BEC is still a $1.8 BILLION Problem
Written By: Triden Group’s Sr. Security Principal
There has been no shortage of cybercriminal activity throughout 2020 and 2021. With groundbreaking attacks targeted at supply-chain vendor software SolarWinds Orion or zero-day vulnerabilities leading to critical exploitation chains in Microsoft Exchange Server, security has never been a bigger business issue. While the impact of these compromises has yet to be determined, other more familiar threats have been expanding in reach and sophistication. According to the 2020 Internet Crime Report published by the FBI, an estimated $4.2 billion dollars in losses related to internet crime was reported. This was up $700 million dollars from 2019. A total of 791,790 complaints were filed with 231,342 related to phishing. COVID-19 played a role in expanding the potential attack surface with over 28,500 cybercrime complaints specifically related to the pandemic.
It is worth noting that business e-mail compromise and e-mail account compromise accounted for more than 40% of the total financial loss and the IC3 received 19,369 Business Email Compromise (BEC) / Email Account Compromise (EAC) complaints with adjusted losses of over $1.8 billion. This does not include the total losses from other social engineering-related techniques or losses from technical malware or ransomware attacks. With losses this substantial in one category understanding and implementing policy and procedures to avoiding these attacks is an undertaking any leading organization should be prioritizing moving into 2021.
BEC and EAC are sophisticated scams targeting both businesses and individuals with authorization to transfer funds. The scam is carried out when a subject compromises legitimate business email accounts through social engineering or computer intrusion techniques to ultimately perform unauthorized fund transfers. Preventative techniques for this type of attack range from the implementation of technical controls as well as user awareness training to educate users and thereby limit the risk and impact of these types of attacks.
BEC and EAC Protection Tips
Organizations should train users to recognize common spoofing techniques such as domain name spoofing, display name spoofing, or typosquatting. Domain name spoofing is a technique that involves spoofing the sender’s “Mail From” to match the recipient’s domain. This can circumvent email banners indicating external origin. Additionally, the attacker may use legitimate headers and spoof the reply-to field. Display Name Spoofing involves registering a free email account that displays the name of a CEO or executive from within the organization. This is often successful as recipients may only look at the display name and not the email address. Typosquatting is a technique that involves registering domains that contain characters that resemble the legitimate domain. For example, Microsoft.com versus Mlcrosoft.com. A rushed or unsuspecting user may easily miss this subtle variation in characters used.
On the topic of training make sure to provide regular end-user training to reinforce stronger security awareness. Running regular phishing simulations will help create awareness for the most commonly used as well as highly sophisticated techniques. Triden Group’s TG Secure Pro can help organizations with this goal by regularly simulating modern social engineering techniques used by real-world adversaries in 2021, in order to train every level of employee. This combined with our robust security awareness training library will ensure every employee is seasoned against these types of attacks.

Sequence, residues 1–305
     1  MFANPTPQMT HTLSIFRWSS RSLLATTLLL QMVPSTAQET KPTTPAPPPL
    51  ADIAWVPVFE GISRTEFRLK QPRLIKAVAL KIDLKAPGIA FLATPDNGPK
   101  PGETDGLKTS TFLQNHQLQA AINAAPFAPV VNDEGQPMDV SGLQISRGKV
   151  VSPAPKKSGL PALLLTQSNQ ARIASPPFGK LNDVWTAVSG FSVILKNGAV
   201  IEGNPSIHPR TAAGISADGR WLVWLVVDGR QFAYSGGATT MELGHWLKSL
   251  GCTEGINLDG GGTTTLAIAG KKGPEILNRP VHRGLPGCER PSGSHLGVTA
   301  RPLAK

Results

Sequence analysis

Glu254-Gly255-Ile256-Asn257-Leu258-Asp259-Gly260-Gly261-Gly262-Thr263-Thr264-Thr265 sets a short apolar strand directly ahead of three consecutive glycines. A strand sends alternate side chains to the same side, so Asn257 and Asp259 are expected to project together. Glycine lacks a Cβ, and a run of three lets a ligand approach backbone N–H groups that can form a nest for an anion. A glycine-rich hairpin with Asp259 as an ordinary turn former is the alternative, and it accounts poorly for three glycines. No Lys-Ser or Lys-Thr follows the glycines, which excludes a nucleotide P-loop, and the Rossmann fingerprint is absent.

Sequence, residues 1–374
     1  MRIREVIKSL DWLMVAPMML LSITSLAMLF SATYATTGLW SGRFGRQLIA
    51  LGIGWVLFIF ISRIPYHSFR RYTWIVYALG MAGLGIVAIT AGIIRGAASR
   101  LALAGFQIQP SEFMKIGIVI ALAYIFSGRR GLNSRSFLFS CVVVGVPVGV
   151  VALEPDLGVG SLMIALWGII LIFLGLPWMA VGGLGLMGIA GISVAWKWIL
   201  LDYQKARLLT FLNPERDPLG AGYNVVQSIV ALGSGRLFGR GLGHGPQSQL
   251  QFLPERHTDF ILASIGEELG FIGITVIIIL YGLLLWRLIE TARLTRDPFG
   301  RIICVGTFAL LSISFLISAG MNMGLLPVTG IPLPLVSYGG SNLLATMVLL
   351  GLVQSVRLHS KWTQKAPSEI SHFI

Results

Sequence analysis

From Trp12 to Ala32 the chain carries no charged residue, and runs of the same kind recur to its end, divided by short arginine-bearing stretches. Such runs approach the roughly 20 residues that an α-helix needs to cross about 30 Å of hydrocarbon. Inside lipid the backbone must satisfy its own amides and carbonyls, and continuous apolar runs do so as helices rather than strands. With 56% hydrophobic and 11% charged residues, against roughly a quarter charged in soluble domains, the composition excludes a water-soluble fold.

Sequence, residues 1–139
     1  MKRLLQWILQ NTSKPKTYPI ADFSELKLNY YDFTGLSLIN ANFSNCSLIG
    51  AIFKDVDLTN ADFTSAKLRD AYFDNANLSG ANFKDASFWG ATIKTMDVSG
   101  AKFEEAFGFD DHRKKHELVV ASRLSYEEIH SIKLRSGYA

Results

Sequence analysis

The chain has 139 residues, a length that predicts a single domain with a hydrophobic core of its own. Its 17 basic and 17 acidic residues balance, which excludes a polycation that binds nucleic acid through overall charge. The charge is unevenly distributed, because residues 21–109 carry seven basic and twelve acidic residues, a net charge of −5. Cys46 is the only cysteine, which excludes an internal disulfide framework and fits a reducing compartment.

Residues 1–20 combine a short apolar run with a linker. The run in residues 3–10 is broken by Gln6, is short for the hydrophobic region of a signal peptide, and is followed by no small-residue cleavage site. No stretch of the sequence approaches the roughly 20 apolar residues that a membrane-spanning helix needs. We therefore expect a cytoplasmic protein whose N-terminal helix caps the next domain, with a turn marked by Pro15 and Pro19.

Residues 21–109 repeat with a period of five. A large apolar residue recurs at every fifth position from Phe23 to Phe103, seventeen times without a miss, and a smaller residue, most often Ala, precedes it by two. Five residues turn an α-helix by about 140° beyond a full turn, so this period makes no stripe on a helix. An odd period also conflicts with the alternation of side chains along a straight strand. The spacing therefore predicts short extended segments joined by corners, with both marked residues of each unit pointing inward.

Because BEC and EAC attack target users who regularly perform wire transfers, it is critical these individuals follow a strict procedure that involves verifying any requests made regarding payment activities or information. This should be done through an established secure channel and through the previously documented contact information. It may potentially be beneficial to implement a two-person verification system for invoicing as this may effectively reduce the likelihood of a successful attack given one individual is compromised.
There are many steps an organization can and should take technically to limit the risk of an attack. This includes registering domain names similar to yours to protect against typosquatting-based attacks, ensuring two-factor authentication is enabled, and enforcing strong password policies for user accounts to aid in the prevention of brute-force attacks. Ensure your organization’s domain has implemented a valid SPF, DKIM, and DMARC record. Sender Policy Framework (SPF), DomainKeys Identified Mail (DKIM), and Domain-based Message Authentication, Reporting & Conformance (DMARC) are anti-spoofing and email authentication techniques that use DNS records to validate the sender of an email.
A note on endpoint protection, email gateways, and network defenses; these controls can be effective at blocking spam and other malicious behavior. However, threat actors are constantly researching new ways to circumvent these systems through sophisticated pretext and exploitation of the human element. To this end, it is paramount that organizations do not explicitly rely on these mechanisms and employ a defense in depth methodology that uses a combination of these and the procedural or non-technical controls we have described above.